Genre: Shmup Developer: American Sammy Publisher: American Sammy Players: 1-2 Released: 1994
In 1992, Sammy released a shmup for the Neo Geo system that won best graphics and music from EGM’s 1992 buyer awards. Its name was Viewpoint, and it garnered a healthy amount of attention with its tough difficulty and interesting perspective. Two years later, American Sammy took up the challenge of bringing that game to the Genesis. They strove to cram a 74Mb Neo Geo game, into a 16Mb Genesis cartridge. How’d their efforts turn out? Read on.
In your Byupo Fighter, you must push back the enemy forces that are invading. They’ve taken on all sorts of forms, from ships and gun turrets, to mechanized worms, fish, crabs, and moths. It’s up to you to take them down, and you’ll have to do it on your own. So push your way through six levels and end the alien menace once and for all.
Graphically, the Genesis version does a good job of mimicking the polysprite style of the Neo Geo game. By “polysprite,” I mean that the graphics look polygonal in nature, but they’re actually sprites, and not real-time rendered polygons. It’s a given that the graphics are a step down from the original version. There are some details lost on parts of the stages, enemies, and so forth, and some enemies look like they were simplified a little in their design. However, this game isn’t an ugly one. It looks very good on Sega’s 16-bitter, with enemies and stages that are similar to how they appeared on the SNK machine. The graphic detail is pretty much constant throughout the game, showing that despite the cuts here and there, a lot of care went into recreating the original game’s look.
Like the graphics, the smooth animation that the SNK version is known for also suffered a few cuts here and there. Some enemy animations were reduced to only a couple frames, while other enemies are virtually identical to their Neo Geo counterpart in terms of fluid movement. The result is some visual inconsistency in this area. But for the most part, the animation level is surprisingly similar to the Neo Geo version.
The audio, while not having the super samples of the original game, holds its own. Some of the voice samples are still in the songs, it captures the somewhat quirky nature of the Neo Geo’s soundtrack, and it does a respectable job in recreating the feel of each tune with the new instruments. The sound effects aren’t as robust as what’s heard on the SNK machine, but they still sound alright. Charge shots, robotic insects, explosions… they get the job done. It’s safe to say that recreating the music seemed to be more of a priority, but the effects aren’t horrid by any means.
When it comes to the gameplay, the Genesis version matches the Neo Geo version. The enemy bullet spreads are just as tough, the enemy count is very close to being the same, and the stage-based obstacles can take you down just as fast. Even the bosses, many of which consist of multiple forms, are still intact for the most part.
In terms of weapons and bombs for fighting back, you get a basic shot to use, as well as a charge shot. You have three types of bombs, which consist of blue, red, and green. Blue causes several circles to appear on the ground to damage enemies, red sends two waves of fire up the screen that hurt enemies and block bullets, and green is a large spread of homing missiles. You can also pick up a pair of side guns to add a little more firepower to your ship (and block bullets), and you’ll find a handy shield in spots. All this adds up to the Genesis version reproducing the Neo-Geo version’s gameplay very well.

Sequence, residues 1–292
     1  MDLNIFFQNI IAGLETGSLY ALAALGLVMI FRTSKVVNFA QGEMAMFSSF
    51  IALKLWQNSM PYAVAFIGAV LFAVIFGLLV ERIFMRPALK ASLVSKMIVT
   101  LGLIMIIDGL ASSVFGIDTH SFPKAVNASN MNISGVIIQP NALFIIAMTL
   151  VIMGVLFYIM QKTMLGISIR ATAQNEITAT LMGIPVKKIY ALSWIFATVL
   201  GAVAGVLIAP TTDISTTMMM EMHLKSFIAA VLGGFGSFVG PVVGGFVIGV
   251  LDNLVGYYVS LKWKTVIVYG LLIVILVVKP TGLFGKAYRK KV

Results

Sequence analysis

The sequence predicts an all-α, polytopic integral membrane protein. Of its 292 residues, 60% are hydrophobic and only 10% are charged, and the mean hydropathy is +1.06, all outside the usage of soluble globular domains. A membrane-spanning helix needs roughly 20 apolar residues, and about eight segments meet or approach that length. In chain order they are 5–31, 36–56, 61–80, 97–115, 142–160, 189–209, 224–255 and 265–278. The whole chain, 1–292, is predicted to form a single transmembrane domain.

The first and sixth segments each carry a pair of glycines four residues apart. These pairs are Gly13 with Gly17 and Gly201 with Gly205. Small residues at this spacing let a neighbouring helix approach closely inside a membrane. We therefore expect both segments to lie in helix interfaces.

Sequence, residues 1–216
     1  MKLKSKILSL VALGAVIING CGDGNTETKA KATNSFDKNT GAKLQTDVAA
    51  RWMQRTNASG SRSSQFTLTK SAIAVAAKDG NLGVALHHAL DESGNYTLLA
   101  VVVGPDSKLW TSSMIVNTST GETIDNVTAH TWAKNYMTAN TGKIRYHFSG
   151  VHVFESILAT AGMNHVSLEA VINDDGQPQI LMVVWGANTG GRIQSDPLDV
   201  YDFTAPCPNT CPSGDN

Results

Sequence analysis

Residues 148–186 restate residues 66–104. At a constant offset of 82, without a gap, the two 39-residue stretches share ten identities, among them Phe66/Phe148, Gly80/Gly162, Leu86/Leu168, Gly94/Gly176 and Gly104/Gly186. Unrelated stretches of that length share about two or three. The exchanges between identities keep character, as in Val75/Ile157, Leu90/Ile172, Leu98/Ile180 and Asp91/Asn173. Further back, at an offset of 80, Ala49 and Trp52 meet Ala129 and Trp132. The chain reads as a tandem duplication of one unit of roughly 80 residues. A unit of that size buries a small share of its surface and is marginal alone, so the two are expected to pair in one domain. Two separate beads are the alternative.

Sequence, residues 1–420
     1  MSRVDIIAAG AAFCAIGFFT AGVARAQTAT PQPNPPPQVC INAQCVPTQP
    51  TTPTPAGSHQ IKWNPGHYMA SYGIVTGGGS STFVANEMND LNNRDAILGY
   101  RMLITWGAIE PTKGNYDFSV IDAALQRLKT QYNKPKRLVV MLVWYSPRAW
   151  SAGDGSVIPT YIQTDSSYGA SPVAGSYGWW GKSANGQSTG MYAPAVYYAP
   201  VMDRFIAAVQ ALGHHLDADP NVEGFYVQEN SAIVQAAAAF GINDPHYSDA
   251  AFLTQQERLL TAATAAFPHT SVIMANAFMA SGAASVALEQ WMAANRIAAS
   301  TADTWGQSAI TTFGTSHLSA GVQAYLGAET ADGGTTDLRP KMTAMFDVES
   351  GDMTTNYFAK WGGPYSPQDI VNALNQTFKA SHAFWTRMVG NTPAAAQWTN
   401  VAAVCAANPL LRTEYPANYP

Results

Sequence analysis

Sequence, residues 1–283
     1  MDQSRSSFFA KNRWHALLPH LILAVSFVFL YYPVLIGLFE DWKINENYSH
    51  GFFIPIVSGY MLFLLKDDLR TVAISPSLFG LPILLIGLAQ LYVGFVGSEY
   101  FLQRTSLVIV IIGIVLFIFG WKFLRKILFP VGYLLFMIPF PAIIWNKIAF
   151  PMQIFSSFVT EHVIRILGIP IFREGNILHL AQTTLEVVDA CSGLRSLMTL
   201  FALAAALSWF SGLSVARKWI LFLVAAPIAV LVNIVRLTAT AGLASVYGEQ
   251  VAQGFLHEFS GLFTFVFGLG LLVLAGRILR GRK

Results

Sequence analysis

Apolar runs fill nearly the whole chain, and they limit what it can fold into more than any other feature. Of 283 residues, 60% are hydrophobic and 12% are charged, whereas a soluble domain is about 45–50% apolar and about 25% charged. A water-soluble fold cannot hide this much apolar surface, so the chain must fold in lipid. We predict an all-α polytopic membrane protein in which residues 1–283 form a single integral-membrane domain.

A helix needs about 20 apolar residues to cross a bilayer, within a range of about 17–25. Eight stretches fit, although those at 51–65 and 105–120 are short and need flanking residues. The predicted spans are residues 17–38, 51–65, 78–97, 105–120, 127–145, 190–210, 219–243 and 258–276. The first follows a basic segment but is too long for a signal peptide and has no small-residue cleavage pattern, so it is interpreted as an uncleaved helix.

Despite how faithful this port is, it does suffer from a few issues. The first, and likely most noticeable one, is the slow down. This game is littered with it. Though it’s not hard to see why when you put all the bullets, enemies, and such on the screen (and in an isometric view to boot), it does happen quite a bit, and is a detriment to the game. Another issue is flicker. While it’s not as prominent as the slowdown, it can be seen down around where the score is when the game starts really chugging because a lot is on-screen, or on some big enemies when you get next to them horizontally. Thankfully, it doesn’t usually result in enemies and bullets turning invisible in the heat of battle.
Beyond those two major issues, the game is unfortunately missing some enemies (both regular ones, and some related to the bosses), and various effects or objects in the stages (water wavering, the bee hives coming up out of the ground, etc.). They’re minor things, but they do detract a little from the game’s visual aesthetic. One last thing of note… the hit detection. It’s not bad or broken, but the isometric view can lead to moments when you could swear you got between the bullets yet exploded anyway. This game’s viewing angle can be tricky to read, so bear that in mind.
In the end, what do we have with the Genesis version of Viewpoint? As an arcade port, it has its faults that result from memory constraints and less powerful hardware. As a game in general though, it’s very good. Sure, it took a small hit visually and aurally, and from a technical stand point, it has a couple issues. But it’s still a respectable port of a much bigger game, and the interesting qualities it inherited from its big brother on the SNK system still shine through. Most importantly though, it’s fun to play. Like Takara did with their SNK ports, American Sammy pulled off some magic in getting much of the Neo-Geo game into a Genesis cart. So don’t worry that it’s a somewhat toned down port. It’s a fun and challenging shmup that deserves a place in your Genesis library.
SCORE: 8 out of 10